'I hadn't expected the Berlin Wall to be clean and white and smooth. It looked more like the edge of the swimming baths than the edge of the Cold War. On the grass of No-man's Land, fat rabbits ate and strolled about as if they'd never been hunted and nothing could disturb them. This was their land and they ruled it, and there were three parts to Berlin: East, West and Rabbit.'
It is 1978, Jess is thirteen and she already has a reputation - as the daughter of the only communist in town. But then, it's in the blood. The Mitchells have been in the Party since the Party began. Jess and her mother Eleanor struggle to sell socialism to Tamworth - a sleepy Midlands town that just doesn't want to know.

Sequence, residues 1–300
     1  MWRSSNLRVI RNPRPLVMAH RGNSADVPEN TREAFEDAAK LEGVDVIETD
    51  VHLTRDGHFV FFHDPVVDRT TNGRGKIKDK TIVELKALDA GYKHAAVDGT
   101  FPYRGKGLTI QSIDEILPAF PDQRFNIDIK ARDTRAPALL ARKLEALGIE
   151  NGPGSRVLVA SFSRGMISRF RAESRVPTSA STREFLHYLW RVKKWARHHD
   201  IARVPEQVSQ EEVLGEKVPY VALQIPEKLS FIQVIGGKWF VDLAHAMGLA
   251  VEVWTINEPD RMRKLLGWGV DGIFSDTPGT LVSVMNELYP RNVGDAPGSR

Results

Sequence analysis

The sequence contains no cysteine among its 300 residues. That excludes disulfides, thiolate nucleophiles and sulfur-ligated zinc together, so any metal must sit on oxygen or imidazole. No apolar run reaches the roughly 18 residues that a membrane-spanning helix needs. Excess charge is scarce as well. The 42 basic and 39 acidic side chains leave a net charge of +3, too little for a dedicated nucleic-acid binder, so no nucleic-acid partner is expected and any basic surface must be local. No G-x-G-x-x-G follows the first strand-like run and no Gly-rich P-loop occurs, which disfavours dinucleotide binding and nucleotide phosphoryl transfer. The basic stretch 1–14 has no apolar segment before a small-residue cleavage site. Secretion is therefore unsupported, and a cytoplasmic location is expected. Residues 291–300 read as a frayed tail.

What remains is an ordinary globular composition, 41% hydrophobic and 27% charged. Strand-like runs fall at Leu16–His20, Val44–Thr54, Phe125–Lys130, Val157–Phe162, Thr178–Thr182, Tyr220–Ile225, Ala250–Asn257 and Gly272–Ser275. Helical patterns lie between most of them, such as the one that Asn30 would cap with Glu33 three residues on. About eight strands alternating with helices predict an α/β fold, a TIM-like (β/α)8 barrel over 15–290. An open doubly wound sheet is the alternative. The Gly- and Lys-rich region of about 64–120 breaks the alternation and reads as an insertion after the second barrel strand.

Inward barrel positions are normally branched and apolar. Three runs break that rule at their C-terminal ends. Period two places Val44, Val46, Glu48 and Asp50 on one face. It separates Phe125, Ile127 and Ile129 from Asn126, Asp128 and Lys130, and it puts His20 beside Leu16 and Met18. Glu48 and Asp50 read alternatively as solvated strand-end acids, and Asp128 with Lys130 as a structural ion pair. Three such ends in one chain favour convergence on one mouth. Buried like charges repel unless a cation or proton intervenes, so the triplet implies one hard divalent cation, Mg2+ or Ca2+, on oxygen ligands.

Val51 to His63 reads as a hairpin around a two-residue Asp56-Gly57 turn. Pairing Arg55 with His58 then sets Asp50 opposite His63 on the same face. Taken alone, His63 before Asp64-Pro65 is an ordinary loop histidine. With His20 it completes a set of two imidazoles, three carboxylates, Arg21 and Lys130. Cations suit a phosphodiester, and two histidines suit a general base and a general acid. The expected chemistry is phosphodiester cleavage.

So when Eleanor is invited to spend a summer teaching in East Germany, she and Jess leap at the chance to see what the future looks like. On the other side of the Iron Curtain they turn from villains into heroes. And when Eleanor meets widower Peter and his daughter, Martina, a new, more peaceful life seems possible.
But the Cold War has no time for love and soon the trouble starts. Peter is dispatched for two years of solidarity work in Laos. Friends become enemies, and Jess discovers how easy it is to switch sides, and how sides can be switched for you, sometimes without you even knowing.
Motherland is a tender mother-daughter story and a tragi-comic portrait of a childhood overcome with belief. It's about loss of faith and loss of innocence, and what it's like to grow up on the losing side of history.